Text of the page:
“So your goal may be to increase your wholesale accounts by 30 percent for the year,” says Ball. “The tactics to get to that goal would include participating in ECRM’s category-specific programs and Supplier Introductions, submitting to retail category reviews on RangeMe, creating a great sales sheet, developing a solid virtual sales pitch, understanding placement deals, and hiring brand ambassadors.”
Also, each of these tactics may have sub-tactics. If you are participating in an ECRM program, for example, you need to build your RangeMe profile, prepare your presentation, and make sure you have all of your virtual meeting tech optimized. You’ll also need to research the buyers you will be meeting with, tailor your presentations, and so on. All of these sub-tactics must be considered.
Reverse-engineering your goal
Once you are clear on goals versus tactics, then it’s time to reverse engineer your goal. Starting with the end goal in mind, outline how you will achieve it, considering the timing and tactics involved in getting there. Check out the following step-by-step guide for accomplishing this:
Step 1: Identify the goal
Considering the above recommendations, identify an attainable goal, given your resources and timeline.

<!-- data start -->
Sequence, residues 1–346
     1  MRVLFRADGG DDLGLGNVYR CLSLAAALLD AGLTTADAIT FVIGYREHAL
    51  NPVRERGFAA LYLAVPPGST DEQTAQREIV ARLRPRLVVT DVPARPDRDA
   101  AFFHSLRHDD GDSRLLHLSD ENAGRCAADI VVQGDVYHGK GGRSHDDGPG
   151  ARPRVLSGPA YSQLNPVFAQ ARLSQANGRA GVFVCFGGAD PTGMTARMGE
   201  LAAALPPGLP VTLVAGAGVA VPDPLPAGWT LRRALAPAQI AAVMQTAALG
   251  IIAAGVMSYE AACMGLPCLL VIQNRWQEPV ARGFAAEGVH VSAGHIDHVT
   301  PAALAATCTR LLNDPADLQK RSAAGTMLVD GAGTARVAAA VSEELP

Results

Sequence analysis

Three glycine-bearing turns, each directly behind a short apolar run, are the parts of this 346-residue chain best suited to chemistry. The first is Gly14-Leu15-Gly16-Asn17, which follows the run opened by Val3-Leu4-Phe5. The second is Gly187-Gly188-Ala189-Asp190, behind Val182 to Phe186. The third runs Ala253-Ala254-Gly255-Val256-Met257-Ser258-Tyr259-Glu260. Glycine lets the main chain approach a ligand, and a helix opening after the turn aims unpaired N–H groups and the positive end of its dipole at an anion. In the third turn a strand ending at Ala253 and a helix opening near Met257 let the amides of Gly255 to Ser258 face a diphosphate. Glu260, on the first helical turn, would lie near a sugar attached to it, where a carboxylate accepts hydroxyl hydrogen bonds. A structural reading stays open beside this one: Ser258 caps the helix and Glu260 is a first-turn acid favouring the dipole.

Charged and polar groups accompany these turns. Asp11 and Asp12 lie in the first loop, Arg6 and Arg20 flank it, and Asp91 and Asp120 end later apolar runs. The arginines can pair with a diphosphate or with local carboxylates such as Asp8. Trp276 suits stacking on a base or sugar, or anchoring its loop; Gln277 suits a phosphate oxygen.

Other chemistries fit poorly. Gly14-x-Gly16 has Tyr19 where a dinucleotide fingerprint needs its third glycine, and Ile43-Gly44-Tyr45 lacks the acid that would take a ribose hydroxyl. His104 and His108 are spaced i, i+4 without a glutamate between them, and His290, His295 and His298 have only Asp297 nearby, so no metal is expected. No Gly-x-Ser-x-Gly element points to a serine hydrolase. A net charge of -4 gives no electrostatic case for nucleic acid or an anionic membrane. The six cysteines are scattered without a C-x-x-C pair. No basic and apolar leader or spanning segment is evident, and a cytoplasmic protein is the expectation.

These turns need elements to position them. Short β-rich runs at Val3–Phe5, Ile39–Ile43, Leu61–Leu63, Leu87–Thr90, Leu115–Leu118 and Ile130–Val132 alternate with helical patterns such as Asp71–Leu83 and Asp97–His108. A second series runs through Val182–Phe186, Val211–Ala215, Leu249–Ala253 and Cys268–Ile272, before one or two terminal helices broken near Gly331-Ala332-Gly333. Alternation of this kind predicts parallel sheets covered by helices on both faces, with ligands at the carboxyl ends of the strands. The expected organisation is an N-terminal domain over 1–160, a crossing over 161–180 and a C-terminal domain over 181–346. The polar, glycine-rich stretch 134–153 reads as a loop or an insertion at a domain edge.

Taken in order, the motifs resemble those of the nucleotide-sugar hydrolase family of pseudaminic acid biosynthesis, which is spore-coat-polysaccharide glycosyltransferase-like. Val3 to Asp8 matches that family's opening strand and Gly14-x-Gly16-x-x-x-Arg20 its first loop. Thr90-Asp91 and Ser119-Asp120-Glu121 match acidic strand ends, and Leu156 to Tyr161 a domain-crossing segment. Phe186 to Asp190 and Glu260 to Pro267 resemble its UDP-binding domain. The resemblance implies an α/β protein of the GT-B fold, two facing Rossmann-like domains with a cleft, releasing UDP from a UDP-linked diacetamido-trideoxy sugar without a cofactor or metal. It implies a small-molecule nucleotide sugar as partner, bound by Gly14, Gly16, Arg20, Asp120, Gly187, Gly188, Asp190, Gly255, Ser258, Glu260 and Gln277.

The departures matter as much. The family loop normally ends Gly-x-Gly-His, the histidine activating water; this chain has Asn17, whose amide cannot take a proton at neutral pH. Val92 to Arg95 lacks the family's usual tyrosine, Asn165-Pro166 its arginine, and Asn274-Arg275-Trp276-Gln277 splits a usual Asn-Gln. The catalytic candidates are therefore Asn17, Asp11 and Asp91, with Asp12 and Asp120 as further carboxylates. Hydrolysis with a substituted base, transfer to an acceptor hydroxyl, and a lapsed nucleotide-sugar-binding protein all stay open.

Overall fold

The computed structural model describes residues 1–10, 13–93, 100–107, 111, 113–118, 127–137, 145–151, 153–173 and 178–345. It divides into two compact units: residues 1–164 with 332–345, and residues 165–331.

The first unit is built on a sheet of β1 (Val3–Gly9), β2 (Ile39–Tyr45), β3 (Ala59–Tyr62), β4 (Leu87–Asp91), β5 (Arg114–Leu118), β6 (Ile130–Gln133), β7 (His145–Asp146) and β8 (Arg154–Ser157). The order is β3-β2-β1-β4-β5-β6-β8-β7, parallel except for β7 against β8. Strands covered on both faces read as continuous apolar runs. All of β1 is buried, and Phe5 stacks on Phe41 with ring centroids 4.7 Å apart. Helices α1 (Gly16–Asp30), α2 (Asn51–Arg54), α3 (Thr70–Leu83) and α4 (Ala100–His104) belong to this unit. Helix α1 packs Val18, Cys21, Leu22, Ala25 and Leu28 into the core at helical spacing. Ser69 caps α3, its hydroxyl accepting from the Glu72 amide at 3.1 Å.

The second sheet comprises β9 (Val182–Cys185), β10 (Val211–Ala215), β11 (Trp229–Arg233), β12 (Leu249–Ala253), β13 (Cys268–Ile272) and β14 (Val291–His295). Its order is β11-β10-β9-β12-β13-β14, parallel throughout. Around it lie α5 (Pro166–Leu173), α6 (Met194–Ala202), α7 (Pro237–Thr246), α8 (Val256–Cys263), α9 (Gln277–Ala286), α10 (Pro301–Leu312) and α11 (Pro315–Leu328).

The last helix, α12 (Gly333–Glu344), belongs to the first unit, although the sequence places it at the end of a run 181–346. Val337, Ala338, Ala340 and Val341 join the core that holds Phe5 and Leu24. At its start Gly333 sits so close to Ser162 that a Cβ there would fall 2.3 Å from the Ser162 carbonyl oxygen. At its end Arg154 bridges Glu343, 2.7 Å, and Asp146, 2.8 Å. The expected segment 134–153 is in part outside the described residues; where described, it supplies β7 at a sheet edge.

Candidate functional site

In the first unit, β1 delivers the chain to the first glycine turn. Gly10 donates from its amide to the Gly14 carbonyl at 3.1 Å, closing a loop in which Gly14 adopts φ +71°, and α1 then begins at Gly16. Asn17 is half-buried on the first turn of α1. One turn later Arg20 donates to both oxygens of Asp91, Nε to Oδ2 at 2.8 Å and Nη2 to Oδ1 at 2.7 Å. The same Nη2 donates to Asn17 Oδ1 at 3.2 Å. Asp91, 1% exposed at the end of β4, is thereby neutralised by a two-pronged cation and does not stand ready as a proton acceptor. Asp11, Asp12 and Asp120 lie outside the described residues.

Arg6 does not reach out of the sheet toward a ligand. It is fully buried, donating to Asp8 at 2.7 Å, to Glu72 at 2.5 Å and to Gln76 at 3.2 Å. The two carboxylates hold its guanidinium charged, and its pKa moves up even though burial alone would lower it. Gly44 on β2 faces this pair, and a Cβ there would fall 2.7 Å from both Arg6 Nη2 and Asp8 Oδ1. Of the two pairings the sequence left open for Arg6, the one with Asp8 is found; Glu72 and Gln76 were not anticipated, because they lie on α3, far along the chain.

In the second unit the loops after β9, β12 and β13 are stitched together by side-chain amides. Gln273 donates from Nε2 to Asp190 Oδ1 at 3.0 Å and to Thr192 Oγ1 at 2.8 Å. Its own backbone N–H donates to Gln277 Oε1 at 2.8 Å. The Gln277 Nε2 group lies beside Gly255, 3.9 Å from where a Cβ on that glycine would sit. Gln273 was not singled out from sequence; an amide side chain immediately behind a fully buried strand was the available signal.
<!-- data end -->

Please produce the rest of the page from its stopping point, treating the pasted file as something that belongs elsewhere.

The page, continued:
Step 2: Set the timeline
Set benchmarks regularly (such as quarterly) to help track your progress. Keep in mind that your success compounds and that you can grow into your goal. So if your goal is $100K in annual sales, don’t plan for $8,333 every month starting in January. Sales projections should be lower in the early months and increase month over month throughout the year.
Step 3: Brainstorm your tactics
Take ten minutes and do a “brainstorm tactic dump.” Write down every single tactic you can think of that will help you achieve your goals – nothing is off the table here; just write down as many ideas as possible. “We’re just throwing all of our ideas on paper during this part,” says Ball. “Once finished, I walk away and leave it for 24 hours, during which additional ideas might pop into my brain.”
Step 4: Choose your top three tactics to focus on
Deciding these tactics might arguably be the most challenging yet most important part, as you may have many tactics you consider strong. Still, it’s essential to narrow them down to just three so that you can focus entirely on executing those. “It’s all about saying no to every shiny distraction that comes our way,” says Ball. “It’s not that the ideas you don’t select are bad ideas, but it all comes down to sharpening your focus on the essential ones.”
Step 5: Bullet out all of the sub-tactics
Finally, once you have chosen your three tactics, take some time to write out all of the sub-tactics that will support each of those three tactics and move you closer to your goal. Once you finish listing these sub-tactics, you’ll understand why it’s essential only to select three tactics, as the complete list of tactics and their corresponding sub-tactics will be quite long.
Taken together, the three tactics and the corresponding sub-tactics for each will help you establish your roadmap toward attaining your goals and will keep you on the path to success!
Watch the full podcast episode with Alli Ball below.